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A top hospital knew this surgeon was accused of raping patients but kept him on staff, report says

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A Cleveland Clinic surgeon accused of sexually assaulting two patients was kept on staff at the prominent Ohio hospital during confidential settlement negotiations, according to a recent investigation by USA Today.

The newspaper reported Friday that Ryan Williams, a colorectal surgeon, was accused of anally raping two women during medical procedures in 2008 and 2009 — and that the hospital kept him on the payroll after the allegations, which Williams has “vehemently” denied.

Williams left the Cleveland Clinic in June, though the circumstances of his departure are unclear. A hospital spokeswoman said it “was unrelated” to the rape allegations, adding: “We don't normally discuss personnel matters publicly.”

The surgeon now works at Ohio State University Wexner Medical Center, where officials said Friday they did not know about the “disturbing allegations” when Williams was hired over the summer.

“The university takes these allegations of past misconduct seriously, and Dr. Williams was placed on administrative leave in December,” Andrew Thomas, the medical center's chief clinical officer, said in a statement. “We are actively investigating to ensure that patient safety at Ohio State was never compromised.”

The USA Today report detailed one case in which a woman claimed that Williams put his penis in her rectum during a medical examination in April 2008.

According to a report filed by the Westlake Police Department and obtained by the newspaper, a medical assistant told investigators that the woman ran from the exam room without her pants, shouting, “Why did he do it?”

Williams reportedly replied at the time, “I don't know.”

But USA Today reported that results from a rape kit and other tests did not show evidence of a crime, and a Cleveland Clinic spokeswoman told USA Today that Williams passed a polygraph, which was reviewed by a grand jury.

Williams was not prosecuted in criminal court.

The woman sued Williams, and that case was settled, though the terms of the agreement are confidential.

In February 2009, a woman who had gone in for a hemorrhoid procedure claimed Williams gave her two pills, then everything turned hazy. It wasn't until 2014 that she told police she started to remember seeing him hold his penis.

The woman told USA Today that she wrote to the ombudsman at the Cleveland Clinic; when it appeared nothing was happening with her complaint, she said, she went to the police. The surgeon was not charged with a crime.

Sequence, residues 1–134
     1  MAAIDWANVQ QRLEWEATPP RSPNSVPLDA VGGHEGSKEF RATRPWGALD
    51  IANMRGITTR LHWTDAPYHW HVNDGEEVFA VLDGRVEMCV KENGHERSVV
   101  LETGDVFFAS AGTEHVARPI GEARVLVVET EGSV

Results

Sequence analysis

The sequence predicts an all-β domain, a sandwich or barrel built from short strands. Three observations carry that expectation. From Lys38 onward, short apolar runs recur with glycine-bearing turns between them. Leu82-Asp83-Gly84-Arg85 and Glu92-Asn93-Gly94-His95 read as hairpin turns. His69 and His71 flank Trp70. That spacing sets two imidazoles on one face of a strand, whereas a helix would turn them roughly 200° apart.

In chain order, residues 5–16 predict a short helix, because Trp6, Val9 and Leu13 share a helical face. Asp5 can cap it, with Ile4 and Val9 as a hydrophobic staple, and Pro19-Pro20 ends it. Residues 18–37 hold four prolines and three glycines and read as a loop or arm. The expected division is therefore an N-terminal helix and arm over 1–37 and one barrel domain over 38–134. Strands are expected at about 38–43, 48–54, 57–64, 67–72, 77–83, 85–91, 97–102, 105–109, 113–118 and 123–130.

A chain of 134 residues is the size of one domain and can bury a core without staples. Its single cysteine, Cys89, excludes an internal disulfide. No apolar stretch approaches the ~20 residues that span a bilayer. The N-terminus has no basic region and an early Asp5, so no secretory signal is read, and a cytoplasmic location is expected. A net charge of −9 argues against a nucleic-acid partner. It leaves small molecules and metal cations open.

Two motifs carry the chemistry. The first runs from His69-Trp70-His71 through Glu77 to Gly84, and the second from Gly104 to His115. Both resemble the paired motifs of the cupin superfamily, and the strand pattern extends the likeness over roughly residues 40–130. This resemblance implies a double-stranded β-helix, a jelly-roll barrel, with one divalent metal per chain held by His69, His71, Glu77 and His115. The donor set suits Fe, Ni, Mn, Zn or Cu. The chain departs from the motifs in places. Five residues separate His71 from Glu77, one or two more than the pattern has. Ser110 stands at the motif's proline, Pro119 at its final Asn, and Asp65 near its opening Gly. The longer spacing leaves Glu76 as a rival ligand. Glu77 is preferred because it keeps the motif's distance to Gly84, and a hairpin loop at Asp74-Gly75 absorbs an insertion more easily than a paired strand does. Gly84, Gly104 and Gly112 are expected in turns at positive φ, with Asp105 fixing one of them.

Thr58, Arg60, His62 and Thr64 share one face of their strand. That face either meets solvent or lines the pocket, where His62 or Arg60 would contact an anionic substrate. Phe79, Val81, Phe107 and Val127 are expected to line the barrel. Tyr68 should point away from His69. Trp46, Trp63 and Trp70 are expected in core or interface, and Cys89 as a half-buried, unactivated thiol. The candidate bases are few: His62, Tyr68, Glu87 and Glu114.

“They went to great lengths to cover it up, and there was just no way for someone to be warned, to know what could happen,” the woman said. “They can just make it completely disappear, and that kind of environment, it almost encourages these kinds of crimes.”

Williams could not immediately be reached for comment, but told USA Today: “I vehemently deny what these women are saying.”

He told the newspaper that the accusations were disrupting his “work and home life.”

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The Cleveland Clinic said in a statement that it has “processes for employees and patients to report any concerns, which are then thoroughly investigated. In these cases, we immediately reported the accusations to the appropriate law enforcement agencies and cooperated fully with the investigations. No charges were made against the physician, and he a passed a polygraph test.”

“We care deeply about patient safety, and any form of misconduct is not tolerated,” the statement read.

One issue, according to USA Today, lies in the settlements.

According to the report:

Hospitals will often take over doctors' liability in confidential settlements, which Washington plaintiffs' attorney Patrick Malone calls a “frequent dodge” to keep medical negligence claims out of the National Practitioner Data Bank. Before they hire doctors, hospitals check the databank, which also includes disciplinary actions by hospitals, medical societies and boards, which also have access to it.

USA Today reported that the first case was considered “a 'miscellaneous tort claim,' filed after Ohio's one-year statute of limitations for medical malpractice claims had passed.”

That, the newspaper noted, “is just one of the many laws working in the favor of the Cleveland Clinic and the health-care industry in Ohio.”

Michael Shroge, a former Cleveland Clinic associate general counsel, told USA Today that health-care systems are “very often more interested in protecting their brand than protecting the health of patients.” The lawyer added that Ohio has some of the nation's broadest “protections affording confidentiality.”

This post has been updated.

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